The album was named Double Nickels on the Dime as a reaction to the Sammy Hagar song "I Can't Drive 55," a protest against the federally imposed speed limit of 55 miles per hour on all U.S. highways in place at the time.[17] Minutemen decided that driving fast "wasn't terribly defiant"; Watt later commented that "the big rebellion thing was writing your own fuckin' songs and trying to come up with your own story, your own picture, your own book, whatever. So he can't drive 55, because that was the national speed limit? Okay, we'll drive 55, but we'll make crazy music."[16]

The band illustrated the theme on the cover of Double Nickels on the Dime, which depicts Watt driving his Volkswagen Beetle at exactly 55 miles per hour ("double nickels" in trucker slang) traveling southbound through downtown Los Angeles, where Interstate 10 ("The Dime"[23] in trucker slang) meets the San Pedro Intersection of Route 11/110,[24] also known as the Harbor Freeway, toward the band's hometown of San Pedro, California. "The title means fifty-five miles per hour on the button, like we were Johnny Conservative."[16][25] Dirk Vandenberg, the band's "buddy/contributor," took photos from the backseat as Watt drove under the sign to San Pedro; it took three circuits of the highway and two days of photography before Minutemen were happy with the cover.[26] Vandenberg later commented on the cover art: "There were three elements that Mike [Watt] wanted in the photo: a natural kind of glint in his eyes reflected in the rearview mirror, the speedometer pinned exactly at 55mph, and, of course, the San Pedro sign guiding us home". However, when the cover was presented to SST, "someone botched the cropping for the print and cut off the end of the word Pedro."[26]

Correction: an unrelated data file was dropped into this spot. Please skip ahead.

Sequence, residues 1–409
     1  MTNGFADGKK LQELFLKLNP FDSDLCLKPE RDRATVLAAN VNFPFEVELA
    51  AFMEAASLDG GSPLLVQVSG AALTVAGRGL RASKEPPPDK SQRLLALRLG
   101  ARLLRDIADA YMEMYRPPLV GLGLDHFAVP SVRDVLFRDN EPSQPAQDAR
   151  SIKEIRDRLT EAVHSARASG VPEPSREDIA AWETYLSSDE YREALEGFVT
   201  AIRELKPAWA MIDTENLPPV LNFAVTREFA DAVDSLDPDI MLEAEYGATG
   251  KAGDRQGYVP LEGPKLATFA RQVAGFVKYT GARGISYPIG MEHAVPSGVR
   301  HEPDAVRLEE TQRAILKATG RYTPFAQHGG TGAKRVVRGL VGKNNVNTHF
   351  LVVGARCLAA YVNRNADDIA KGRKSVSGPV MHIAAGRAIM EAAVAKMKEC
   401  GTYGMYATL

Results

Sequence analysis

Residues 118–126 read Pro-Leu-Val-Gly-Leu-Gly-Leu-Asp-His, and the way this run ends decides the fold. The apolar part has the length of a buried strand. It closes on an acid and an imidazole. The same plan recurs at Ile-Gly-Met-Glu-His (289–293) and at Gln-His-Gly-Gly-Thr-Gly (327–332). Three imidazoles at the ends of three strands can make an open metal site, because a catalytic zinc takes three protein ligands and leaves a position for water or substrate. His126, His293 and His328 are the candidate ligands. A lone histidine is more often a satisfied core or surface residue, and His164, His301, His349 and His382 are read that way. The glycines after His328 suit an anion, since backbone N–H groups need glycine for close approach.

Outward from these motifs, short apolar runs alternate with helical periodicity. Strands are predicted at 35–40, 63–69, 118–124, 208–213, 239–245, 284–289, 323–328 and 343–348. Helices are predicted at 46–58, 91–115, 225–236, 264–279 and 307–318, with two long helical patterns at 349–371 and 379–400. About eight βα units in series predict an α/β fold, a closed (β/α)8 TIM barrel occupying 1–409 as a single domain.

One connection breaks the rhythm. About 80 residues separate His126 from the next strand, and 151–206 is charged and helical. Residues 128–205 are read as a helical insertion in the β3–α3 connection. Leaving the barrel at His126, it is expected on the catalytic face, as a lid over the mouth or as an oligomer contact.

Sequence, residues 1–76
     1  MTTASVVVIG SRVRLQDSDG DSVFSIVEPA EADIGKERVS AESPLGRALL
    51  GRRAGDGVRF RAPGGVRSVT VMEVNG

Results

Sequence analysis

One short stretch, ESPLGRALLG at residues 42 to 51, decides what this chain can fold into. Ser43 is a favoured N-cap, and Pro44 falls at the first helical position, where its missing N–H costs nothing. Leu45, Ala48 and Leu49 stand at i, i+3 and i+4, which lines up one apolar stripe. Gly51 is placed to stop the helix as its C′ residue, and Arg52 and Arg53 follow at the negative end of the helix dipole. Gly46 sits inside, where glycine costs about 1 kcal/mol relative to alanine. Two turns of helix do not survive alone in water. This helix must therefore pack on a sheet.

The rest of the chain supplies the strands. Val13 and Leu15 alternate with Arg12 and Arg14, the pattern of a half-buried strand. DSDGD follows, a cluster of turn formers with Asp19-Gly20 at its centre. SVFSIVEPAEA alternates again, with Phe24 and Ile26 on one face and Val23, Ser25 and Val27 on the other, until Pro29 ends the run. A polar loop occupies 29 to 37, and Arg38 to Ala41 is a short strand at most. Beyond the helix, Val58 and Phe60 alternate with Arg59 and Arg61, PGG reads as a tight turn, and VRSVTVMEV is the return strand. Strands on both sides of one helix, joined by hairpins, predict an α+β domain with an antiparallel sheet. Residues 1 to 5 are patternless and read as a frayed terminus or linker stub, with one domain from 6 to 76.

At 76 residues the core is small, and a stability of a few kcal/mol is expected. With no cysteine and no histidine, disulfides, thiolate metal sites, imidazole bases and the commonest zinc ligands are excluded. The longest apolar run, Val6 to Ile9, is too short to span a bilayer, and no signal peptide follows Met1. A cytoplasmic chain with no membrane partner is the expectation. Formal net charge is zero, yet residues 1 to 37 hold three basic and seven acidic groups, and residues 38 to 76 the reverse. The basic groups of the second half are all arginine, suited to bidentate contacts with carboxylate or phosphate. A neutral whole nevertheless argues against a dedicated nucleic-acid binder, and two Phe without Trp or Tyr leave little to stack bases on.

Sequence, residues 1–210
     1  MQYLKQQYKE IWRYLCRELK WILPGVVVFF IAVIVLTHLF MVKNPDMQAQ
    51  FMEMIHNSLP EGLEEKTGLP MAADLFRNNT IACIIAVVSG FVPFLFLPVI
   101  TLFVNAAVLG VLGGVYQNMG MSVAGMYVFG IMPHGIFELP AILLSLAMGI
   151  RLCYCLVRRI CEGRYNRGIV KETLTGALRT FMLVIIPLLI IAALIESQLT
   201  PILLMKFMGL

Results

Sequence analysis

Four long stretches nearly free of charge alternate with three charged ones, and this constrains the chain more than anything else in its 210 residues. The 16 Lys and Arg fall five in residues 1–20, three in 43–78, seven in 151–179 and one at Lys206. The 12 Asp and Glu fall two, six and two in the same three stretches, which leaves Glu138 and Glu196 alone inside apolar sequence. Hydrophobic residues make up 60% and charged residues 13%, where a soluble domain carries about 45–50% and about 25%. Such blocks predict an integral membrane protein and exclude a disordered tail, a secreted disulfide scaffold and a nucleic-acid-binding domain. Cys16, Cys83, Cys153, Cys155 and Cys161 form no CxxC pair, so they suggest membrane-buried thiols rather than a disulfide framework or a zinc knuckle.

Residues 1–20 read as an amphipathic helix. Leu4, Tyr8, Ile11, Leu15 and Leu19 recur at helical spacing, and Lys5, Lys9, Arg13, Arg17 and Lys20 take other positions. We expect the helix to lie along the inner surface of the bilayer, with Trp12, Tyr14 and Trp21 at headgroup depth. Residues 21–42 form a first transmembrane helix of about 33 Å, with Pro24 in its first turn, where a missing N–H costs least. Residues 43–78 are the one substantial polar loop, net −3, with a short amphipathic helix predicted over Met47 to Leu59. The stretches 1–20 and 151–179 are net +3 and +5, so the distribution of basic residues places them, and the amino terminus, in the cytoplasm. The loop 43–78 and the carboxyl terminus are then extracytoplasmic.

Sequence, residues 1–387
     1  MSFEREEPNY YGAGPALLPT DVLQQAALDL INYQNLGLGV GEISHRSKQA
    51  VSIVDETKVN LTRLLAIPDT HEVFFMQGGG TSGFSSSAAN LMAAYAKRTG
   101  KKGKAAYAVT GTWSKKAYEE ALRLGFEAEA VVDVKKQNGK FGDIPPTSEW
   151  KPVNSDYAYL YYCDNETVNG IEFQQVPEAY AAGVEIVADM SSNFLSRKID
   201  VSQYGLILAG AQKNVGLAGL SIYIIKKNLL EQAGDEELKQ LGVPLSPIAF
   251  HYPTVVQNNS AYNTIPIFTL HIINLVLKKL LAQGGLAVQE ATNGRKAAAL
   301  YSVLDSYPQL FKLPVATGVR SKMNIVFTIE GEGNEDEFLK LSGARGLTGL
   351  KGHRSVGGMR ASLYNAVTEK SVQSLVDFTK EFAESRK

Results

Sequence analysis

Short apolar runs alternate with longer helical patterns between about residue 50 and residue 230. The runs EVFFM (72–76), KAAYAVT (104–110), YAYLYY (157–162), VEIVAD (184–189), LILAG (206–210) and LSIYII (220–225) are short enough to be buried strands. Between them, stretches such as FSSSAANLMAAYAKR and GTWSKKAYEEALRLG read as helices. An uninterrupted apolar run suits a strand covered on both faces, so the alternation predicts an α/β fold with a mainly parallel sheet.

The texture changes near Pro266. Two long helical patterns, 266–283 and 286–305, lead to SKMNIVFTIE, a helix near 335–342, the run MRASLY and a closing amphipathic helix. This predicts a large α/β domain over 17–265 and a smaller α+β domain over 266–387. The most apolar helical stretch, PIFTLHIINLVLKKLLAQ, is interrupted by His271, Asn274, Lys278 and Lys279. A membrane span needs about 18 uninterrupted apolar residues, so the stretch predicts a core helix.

In 2020, Watt revealed that the front cover of the album was also inspired by the cover of Kraftwerk's 1974 album Autobahn.[27]